The Nature of Values: Environmentalism

University of Leeds: Environmental Challenges: Rights & Values of the Ecosystem Services.

The nature of values

Not all values can be measured by money. These can represent different ways of seeing and relating to the world.

On the other hand, they can also be called incommensurate because they represent different sets of personal preferences that may not overlap. Different people make decisions for reasons that may not be compatible with each other.

Financial incentives are often used to encourage society to be economically productive and follow a certain course of action relative to the value of an individual. Sayings such as “money can’t buy you love,” “greed is the root of evil,” and “money makes the world go round,” represent different values, they are incompatible, one is not wrong and the other right, however, it is important to recognise their value.

Confusion is often a result of identifying only one value, which is commonly financial incentives. Society’s difference between policies is their love for nature over money.

Society benefits from the market interaction of individuals; it also benefits rich people more than poor people. If the number of people looking for jobs exceeded the number of jobs available, society might appear to benefit if the indicator is a national increase in industrial production (if a company increased production size, more jobs would be available). However, individuals would suffer if there was cheap migrant labour, wages and benefits decrease and no jobs available.


Laws to protect labour markets so that individual rights of workers to a fair wage and good conditions are protected. Protect certain species of plants and animals in wild nature. They are not for sale and anyone who captures or digs them up will be prosecuted.

Three types of values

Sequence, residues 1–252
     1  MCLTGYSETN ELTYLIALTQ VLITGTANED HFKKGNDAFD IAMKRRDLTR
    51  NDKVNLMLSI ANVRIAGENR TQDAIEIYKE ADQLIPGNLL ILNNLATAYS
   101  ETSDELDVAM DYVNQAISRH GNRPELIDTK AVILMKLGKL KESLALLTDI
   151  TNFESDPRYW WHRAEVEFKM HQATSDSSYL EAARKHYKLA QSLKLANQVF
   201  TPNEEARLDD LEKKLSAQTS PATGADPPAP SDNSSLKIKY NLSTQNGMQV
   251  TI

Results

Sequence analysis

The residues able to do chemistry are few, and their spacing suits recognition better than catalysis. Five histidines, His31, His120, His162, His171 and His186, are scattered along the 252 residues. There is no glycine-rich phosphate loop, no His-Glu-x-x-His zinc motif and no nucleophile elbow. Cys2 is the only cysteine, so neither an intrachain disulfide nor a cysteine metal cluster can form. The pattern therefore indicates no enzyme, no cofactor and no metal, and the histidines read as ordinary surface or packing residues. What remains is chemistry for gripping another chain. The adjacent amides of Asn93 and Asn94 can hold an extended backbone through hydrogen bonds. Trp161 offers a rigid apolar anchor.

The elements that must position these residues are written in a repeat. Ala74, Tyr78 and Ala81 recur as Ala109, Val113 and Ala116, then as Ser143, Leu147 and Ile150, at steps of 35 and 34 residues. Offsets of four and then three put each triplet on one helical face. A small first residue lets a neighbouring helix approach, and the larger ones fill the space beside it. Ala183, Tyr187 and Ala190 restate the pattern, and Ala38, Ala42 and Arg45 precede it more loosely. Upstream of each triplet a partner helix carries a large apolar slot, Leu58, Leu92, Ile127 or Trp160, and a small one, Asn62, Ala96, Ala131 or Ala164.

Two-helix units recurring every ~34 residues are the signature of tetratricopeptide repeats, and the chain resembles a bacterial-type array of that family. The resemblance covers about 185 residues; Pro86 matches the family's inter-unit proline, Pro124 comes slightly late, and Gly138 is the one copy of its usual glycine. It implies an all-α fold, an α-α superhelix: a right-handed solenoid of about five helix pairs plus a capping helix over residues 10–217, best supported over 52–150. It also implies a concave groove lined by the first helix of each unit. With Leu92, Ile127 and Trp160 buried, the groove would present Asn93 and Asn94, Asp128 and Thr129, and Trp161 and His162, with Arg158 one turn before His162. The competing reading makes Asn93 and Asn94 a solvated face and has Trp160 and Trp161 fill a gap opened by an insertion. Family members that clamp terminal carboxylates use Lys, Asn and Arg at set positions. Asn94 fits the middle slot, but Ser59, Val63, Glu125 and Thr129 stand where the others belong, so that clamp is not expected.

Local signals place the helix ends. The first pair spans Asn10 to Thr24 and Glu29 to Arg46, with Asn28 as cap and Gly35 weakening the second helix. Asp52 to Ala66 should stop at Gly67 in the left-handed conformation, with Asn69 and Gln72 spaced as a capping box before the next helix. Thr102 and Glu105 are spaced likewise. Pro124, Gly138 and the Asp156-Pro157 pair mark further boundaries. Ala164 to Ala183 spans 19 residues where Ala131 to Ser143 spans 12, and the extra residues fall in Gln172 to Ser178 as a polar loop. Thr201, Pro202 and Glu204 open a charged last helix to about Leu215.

Utilitarianism is a family of normative ethical theories that prescribe actions that maximise happiness and well-being for all affected individuals.

Adam Smith’s invisible hand, “[The rich] consume little more than the poor, and despite their natural selfishness and rapacity…they divide with the poor the produce of all their improvements. They are led by an invisible hand to make nearly the same distribution of the necessaries of life, which would have been made, had the earth been divided into equal portions among all its inhabitants, and thus without intending it, without knowing it, advance the interest of the society, and afford means to the multiplication of the species.”

The environmental cost of greenhouse gas pollution of household waste in the price of fuel or waste disposal creates a market that provides overall environmental benefits.


Deontology is the normative ethical theory that the morality of an action should be based on whether that action itself is right or wrong under a series of rules, rather than based on the consequences of the action.

These are negotiated by the government and then enforced. It might be illegal to pick certain species of orchids or trade in certain types of wildlife. In these cases, the exploitation of orchids or wildlife is not controlled by the invisible hand of the market but by the enforcement of laws.


Prudence, temperance, courage, justice

The Greek philosopher Aristotle regarded those virtues as a goal that society should strive for or as a guiding principle that directs the way we live and act. In that, we should morally aim to live in harmony with nature and enjoy the happiness that this brings.

What problems could result from category errors?

This can result in some strange decision-making, with unintended consequences.

“Category error is made by looking at the direct value of products which results in monetary value assessments rather than looking at the intrinsic value. To generate direct values may require conversion of the biological diversity and its components on the ordinal scale and this ranking shall cause irreparable consequences to society and individuals.”

The intrinsic value is a measure of what an asset is worth. This measure is arrived at using an objective calculation or complex financial mode, rather than using the current trading market price of that asset. Our capacity to have values of life comes from our environment, the heaviest influences are our contacts in our day-to-day life and culture and the society we live in.


Strongly comparable values.

Cardinal Scale

Values that apply financial costs.

Ordinal Scale

Weakly comparable values.

Convention on Biological Diversity

The conscious intrinsic value of biological diversity and the ecological genetic, social, economic, scientific, educational, cultural, recreational, and aesthetic values.